Case study: Joyce and Laura's story
"I tripped and fell whilst on Leicester High Street, and broke my left shoulder. It was right on the street and everyone was watching, which I found embarrassing. My shoulder is still quite painful even now but it’s getting much better, which is a relief.
"Laura was referred to me from Royal Voluntary Service, and came to see me when I was back at home after hospital. I’ve seen Laura four times now and she’s been so helpful in supporting me with the things I need. She’s such a lovely girl. It’s so nice of her to take time out of her busy life to help me. I was having real trouble with getting shopping, just to get food for the week, and Laura has taken me to the local Asda to help me get what I need. The local supermarket isn’t close by and as a single elderly person it’s really difficult to get shopping. It’s a bus ride away, and then you have to carry the heavy bags back, and while they may not seem too tricky, if you’re older and have an injury it can be nearly impossible.
"I’ve been taking physiotherapy classes every week since, but the accident has made basic tasks really tough. I think it’s also made me more isolated than I had been, I definitely feel more lonely being less physically independent. I don’t have any family or even any distant relatives, and I don’t have many friends, just one friend from within my housing complex. This means I rarely see people, and I don’t have any support from people for times like this when I need it.
"It’s really nice to be able to see someone every week. As I don’t have much company, so just having a cup of tea and a chat with someone regularly is a really positive addition to the week. It’s just a simple thing but it helps to build your self–esteem and confidence. Just going out for a walk is nice as you get a change of scenery. I spend a lot of time in my flat so it’s nice to get out sometimes.
"I feel more confident being able to perform the basic tasks that I took for granted before, like getting food out of a cupboard, or getting some groceries. I think if I hadn’t been for Laura I would have had to lean on social services, as there was a period of time when I just wasn’t able to be independent and just didn’t feel like I could be on my own."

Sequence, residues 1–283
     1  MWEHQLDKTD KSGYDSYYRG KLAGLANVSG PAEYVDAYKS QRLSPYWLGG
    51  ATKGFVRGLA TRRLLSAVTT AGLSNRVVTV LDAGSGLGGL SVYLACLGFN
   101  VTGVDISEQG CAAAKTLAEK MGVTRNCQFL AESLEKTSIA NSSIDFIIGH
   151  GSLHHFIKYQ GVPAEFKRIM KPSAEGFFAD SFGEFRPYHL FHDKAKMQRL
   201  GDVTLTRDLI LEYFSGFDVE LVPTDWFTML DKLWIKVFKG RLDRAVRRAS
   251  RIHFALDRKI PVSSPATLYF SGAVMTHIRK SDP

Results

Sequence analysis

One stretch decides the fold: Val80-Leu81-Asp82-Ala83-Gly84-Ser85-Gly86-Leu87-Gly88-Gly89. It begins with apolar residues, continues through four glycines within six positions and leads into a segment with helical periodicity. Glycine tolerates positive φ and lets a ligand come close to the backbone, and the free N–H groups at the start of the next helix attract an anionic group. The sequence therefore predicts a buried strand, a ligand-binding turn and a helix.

Joyce, age 78, Home from Hospital client
"The first thing that struck me about Joyce was her isolation; she is the only person I know who is without the support of family. She doesn’t have any relatives, so aside from a friend she has from her housing complex, she really has very little contact with people.
"I’ve been seeing Joyce for a couple of months now and it’s nice to be able to help her out while she needs it. She’s been having a lot of difficulties with her shoulder after her accident and it’s meant she just hasn’t been able to get out and about. Getting food shopping is something everyone needs to do, but she just wasn’t able to do it on her own.
"I know I only work with Joyce, but it feels like the support I provide to her, and the relationship we have, acts as a much-needed bridge between her carer and complete independence for her. Normal discharge from hospital would work fine for those who have a partner, family, or close friends nearby, but for those like Joyce who don’t have this support, volunteers like myself and those at Royal Voluntary Service help provide the practical and emotional support needed for when older people leave hospital. Joyce is now more confident and independent, and while there is definitely still progress to be made with her recovery, I think she’s in a better place now.
"I joined Royal Voluntary Service while at university and realised I was at a time in my life when I had more free time than I would always have - I would encourage anyone in a similar situation to do the same. Volunteering with Joyce takes very little time out of my life, and it’s a lovely feeling to know you are helping to look after someone who is more vulnerable than yourself."
Royal Voluntary Service volunteer, Laura Wightman, age 20
"At Leicester City Clinical Commissioning Group we feel very fortunate to be working with Royal Voluntary Service. We commissioned the Home from Hospital service to explore how we could improve the experience of discharge for some of our older and vulnerable patients and we have seen activity reductions and social investment benefits since. The results the CCG has seen in pounds and pence saved have gone above and beyond what was expected.
"Royal Voluntary Service and the CCG have developed an understanding about shared goals and ethos, which means we are able to have an open on-going dialogue, and refine the service to ensure it represents value for money and a quality service to patients. Royal Voluntary Service understands that as a CCG we need to ensure we are getting the best outcomes for patients, and their strong focus on performance data means that we have all the answers to the questions we need.
"Older patients who use the service will make a healthy, timely recovery in their own home, with the support they need. By placing a caring volunteer at the centre of the client’s recovery plan, we can dramatically improve their independence and resilience – and reduce their risk of readmission.
"We are delighted with the results, which prove the value of the service, and we hope to continue working with Royal Voluntary Service for as long as we can."
Jeremy Bennett, Strategy and Implementation Manager, Leicester City Clinical Commissioning Group.